The show’s centrepiece is a group of eight statues, on loan from the Egyptian Museum in Turin, from the fifteenth to the fourteenth centuries BCE, seven of which depict the sun god Sekhmet and one of the pharaoh Thutmose I. The exhibition also features loans from the Naples Archeological Museum, including frescoes, copies of statues and multimedia features.
“We wanted to recreate the same atmosphere that the archaeologists saw when they discovered it in the mid-seventeenth century,” said Massimo Osanna, superintendent of Pompeii’s archaeological site.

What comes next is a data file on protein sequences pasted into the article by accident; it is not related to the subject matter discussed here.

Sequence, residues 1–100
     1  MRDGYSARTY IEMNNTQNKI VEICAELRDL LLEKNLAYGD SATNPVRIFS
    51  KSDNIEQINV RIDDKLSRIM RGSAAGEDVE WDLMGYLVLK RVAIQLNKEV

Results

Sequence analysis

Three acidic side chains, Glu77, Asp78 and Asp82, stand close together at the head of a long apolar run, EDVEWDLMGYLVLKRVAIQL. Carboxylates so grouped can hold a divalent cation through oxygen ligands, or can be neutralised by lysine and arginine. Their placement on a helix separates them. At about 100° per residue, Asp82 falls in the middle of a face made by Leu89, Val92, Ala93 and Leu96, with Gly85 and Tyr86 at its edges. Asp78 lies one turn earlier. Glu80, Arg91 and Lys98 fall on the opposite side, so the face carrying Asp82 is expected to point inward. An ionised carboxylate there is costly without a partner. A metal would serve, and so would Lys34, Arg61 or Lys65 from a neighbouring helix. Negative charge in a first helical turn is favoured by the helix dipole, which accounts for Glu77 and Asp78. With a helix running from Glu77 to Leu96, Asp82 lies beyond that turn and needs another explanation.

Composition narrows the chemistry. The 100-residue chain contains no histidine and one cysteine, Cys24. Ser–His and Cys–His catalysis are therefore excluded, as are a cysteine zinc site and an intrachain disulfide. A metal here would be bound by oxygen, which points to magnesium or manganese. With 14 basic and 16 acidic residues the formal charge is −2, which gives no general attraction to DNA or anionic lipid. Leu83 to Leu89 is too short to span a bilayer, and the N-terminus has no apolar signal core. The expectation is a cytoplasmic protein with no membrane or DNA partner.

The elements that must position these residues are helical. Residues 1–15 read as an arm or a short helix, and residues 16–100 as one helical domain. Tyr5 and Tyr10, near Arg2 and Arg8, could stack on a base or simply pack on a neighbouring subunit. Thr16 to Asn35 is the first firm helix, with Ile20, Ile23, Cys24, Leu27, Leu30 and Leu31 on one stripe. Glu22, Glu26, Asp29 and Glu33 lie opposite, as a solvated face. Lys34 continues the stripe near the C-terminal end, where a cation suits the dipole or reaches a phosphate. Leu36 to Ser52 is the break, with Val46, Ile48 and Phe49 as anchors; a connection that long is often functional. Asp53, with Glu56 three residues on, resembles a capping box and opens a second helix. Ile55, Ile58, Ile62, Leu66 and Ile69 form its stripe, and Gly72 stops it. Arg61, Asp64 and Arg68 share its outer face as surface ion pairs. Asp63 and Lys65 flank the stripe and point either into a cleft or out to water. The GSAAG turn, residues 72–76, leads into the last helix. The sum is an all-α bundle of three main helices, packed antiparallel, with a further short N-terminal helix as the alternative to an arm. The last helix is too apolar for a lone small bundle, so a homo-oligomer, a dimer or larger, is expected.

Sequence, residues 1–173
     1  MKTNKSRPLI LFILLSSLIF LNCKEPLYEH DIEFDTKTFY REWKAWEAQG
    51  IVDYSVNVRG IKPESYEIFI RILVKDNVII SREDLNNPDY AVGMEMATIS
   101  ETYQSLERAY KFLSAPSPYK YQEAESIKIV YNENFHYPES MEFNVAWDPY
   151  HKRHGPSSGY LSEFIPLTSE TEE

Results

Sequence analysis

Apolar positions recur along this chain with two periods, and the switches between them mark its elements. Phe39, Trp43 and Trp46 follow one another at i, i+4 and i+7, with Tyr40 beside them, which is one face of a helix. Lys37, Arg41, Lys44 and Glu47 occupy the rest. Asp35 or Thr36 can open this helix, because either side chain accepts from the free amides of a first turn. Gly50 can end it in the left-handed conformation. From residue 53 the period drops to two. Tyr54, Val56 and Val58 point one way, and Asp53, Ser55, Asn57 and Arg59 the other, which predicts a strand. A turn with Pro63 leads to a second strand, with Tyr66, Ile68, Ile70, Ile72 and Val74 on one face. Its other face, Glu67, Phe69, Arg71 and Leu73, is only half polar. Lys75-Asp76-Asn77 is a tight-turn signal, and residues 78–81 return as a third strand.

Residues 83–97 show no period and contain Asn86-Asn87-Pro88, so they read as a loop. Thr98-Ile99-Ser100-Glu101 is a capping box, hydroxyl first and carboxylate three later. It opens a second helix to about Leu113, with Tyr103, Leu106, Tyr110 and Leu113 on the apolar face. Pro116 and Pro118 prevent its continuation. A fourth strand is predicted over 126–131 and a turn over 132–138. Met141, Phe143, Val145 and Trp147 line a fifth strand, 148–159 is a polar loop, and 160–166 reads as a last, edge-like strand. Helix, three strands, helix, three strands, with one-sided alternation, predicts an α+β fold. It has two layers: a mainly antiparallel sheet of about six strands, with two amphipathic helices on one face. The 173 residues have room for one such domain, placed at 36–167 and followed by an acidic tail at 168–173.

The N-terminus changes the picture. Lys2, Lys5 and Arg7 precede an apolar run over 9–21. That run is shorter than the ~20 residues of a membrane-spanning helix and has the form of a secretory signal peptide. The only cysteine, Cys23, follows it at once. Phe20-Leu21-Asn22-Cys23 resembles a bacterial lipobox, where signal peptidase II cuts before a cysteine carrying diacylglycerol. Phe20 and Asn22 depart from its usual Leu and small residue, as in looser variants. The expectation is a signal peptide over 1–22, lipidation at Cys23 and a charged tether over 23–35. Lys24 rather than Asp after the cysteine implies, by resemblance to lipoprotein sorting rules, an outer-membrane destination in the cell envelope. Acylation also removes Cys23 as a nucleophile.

The exhibition, which runs through November 2, is part of a larger project by the Egyptian Museum of Turin, with concurrent exhibitions in Turin, Pompeii and Naples, where an exhibition focused on the Eastern religions that Egypt brought to the region of Campania will open on June 28 at the Naples Archeological Museum.
Additional information is available here.